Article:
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Weiner's songs of the 1930s and 1940s reflect a deepening awareness of social and political crises as they affected the Jews of Europe and the Soviet Union. Ergets vayt (1936), with its strophic structure, refers to the Siberian exile of political prisoners during the pre–Soviet era Czarist regime. There is apparently an intentional paradox in the musical interpretation here, for on the surface the song seems simple, with a rather angular melody and a conventional flowing piano part. But it is as if that simplicity understates—perhaps masks—the intrinsic pathos of the poem and, by so doing, intensifies the tragic nature of the exile.
Editor's note by Neil W. Levin:
There are also layers of meaning in this poem that explore aspects of inner loneliness, suffering, and yearning inherent in the human condition. H. Leivick wrote the poem in 1914–15 in Philadelphia, where he was working as an apprentice cutter in a garment shop while writing poetry on his own time. He is said to have considered Ergets vayt his first authentic poem, which he therefore placed in the opening pages of his first published collection (1918). His biography describes his subsequent recollection of the circumstances surrounding the poem’s genesis—on a cold, wintry night in his tiny attic room, where, after a long day’s work in the shop, he lay in bed by the light of a small gas lamp. Looking through the window at a snowstorm, he felt “lonely, foreign, and forlorn in this big new world.” He is quoted as reflecting:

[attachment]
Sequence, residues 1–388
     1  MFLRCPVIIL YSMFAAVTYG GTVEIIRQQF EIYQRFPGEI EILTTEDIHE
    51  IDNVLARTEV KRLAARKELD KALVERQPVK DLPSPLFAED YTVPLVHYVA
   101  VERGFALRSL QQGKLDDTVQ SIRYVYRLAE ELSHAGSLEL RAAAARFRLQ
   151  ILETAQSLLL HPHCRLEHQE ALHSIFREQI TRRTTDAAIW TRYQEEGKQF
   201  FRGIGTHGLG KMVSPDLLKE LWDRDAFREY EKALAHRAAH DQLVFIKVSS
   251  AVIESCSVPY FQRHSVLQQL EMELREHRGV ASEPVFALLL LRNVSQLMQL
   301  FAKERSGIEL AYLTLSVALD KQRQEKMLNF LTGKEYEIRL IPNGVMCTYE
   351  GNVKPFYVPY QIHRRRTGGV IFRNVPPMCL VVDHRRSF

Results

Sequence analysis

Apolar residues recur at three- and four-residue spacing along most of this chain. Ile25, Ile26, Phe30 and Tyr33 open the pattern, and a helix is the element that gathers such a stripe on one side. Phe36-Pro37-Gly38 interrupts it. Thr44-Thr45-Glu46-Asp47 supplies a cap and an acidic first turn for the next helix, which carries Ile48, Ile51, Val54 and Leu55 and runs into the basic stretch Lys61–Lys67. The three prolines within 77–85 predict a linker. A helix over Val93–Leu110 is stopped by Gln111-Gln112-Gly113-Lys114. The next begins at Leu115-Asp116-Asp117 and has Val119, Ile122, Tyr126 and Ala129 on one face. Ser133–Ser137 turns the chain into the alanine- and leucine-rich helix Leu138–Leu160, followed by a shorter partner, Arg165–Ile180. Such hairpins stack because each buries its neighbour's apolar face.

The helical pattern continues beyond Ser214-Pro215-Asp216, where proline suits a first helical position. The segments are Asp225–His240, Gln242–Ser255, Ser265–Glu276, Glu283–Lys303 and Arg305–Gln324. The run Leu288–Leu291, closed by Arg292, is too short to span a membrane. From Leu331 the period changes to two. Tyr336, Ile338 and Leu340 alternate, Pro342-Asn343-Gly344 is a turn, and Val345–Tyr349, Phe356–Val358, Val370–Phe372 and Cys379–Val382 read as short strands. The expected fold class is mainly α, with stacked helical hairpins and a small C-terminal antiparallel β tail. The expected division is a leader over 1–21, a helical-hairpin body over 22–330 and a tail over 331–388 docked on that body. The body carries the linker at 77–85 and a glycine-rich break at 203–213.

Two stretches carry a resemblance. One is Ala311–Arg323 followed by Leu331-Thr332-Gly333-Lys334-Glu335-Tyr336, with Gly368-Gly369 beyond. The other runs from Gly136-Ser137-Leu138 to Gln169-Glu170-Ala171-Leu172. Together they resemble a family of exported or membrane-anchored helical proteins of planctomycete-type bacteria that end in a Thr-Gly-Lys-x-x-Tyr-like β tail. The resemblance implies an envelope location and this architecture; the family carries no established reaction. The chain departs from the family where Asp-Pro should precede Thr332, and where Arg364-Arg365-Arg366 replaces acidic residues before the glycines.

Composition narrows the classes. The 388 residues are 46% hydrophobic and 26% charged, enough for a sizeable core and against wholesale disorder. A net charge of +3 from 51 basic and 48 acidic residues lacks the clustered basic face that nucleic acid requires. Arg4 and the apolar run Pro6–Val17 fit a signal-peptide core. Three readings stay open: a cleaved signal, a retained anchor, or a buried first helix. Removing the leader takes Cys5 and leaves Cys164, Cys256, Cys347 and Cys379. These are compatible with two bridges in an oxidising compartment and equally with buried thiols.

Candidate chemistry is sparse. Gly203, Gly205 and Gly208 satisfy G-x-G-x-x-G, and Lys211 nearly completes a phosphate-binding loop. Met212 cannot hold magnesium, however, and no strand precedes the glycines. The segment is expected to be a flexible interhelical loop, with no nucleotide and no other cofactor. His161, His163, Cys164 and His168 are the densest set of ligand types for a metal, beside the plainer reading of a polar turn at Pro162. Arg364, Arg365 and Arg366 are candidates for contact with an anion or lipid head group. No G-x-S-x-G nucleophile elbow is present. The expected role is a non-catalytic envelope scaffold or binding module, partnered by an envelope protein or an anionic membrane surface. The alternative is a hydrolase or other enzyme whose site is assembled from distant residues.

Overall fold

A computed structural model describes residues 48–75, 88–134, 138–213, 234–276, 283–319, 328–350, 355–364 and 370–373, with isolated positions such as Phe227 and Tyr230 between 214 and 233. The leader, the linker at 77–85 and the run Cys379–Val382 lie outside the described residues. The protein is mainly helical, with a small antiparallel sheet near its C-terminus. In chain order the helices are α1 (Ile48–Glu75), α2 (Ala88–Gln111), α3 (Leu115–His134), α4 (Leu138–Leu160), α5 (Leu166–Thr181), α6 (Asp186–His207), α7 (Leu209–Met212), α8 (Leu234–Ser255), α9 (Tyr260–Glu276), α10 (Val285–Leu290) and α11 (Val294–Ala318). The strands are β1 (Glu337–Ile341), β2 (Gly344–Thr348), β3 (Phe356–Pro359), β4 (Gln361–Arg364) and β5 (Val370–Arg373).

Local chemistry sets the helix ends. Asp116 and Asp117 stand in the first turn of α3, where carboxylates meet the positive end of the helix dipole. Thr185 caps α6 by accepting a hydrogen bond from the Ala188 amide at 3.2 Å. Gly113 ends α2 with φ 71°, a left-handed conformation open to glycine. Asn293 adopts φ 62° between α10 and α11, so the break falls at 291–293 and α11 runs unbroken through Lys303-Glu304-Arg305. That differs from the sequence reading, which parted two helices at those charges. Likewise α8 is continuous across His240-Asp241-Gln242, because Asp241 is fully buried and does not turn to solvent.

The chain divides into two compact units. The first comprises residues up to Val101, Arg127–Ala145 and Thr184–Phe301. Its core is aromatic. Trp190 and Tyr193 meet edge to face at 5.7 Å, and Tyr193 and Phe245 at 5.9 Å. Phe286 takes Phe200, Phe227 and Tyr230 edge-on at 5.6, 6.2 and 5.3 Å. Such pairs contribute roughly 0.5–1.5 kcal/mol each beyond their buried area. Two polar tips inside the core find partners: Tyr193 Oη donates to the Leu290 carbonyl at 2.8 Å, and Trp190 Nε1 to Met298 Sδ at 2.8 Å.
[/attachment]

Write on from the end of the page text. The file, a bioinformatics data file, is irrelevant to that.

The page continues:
All of a sudden, something lights up inside you. You realize that you really are in America. You lie inside in an attic, but outside a blizzard howls, and before your eyes you see the Siberian landscape from which you just escaped: the distant white hills of immense Siberia, the snow-covered roads and rivers and forests and mountains, the full, absolute, and dazzling whiteness—the “dazzling of the world,” one might say. And you feel part of this whiteness...I felt a yearning for something emerging within me—a fresh start, going to that whiteness as to an untrodden forbidden land.
Upon further reflection, Leivick noted in this poem a shift in emphasis from the forbidden land, with its unreachable covered treasures, to suffering humanity:
To be the justified and chosen partner of suffering mankind, who can never reach the forbidden treasures: perhaps herein lies the secret of true human yearning, the fate of man both in his search for a link to that which we call Creator-God, as well as in his connection to the entire world of human life and death. Thus it is insufficient to say that there are forbidden and covered treasures. An additional observation is necessary: “Somewhere far away a prisoner lies alone.”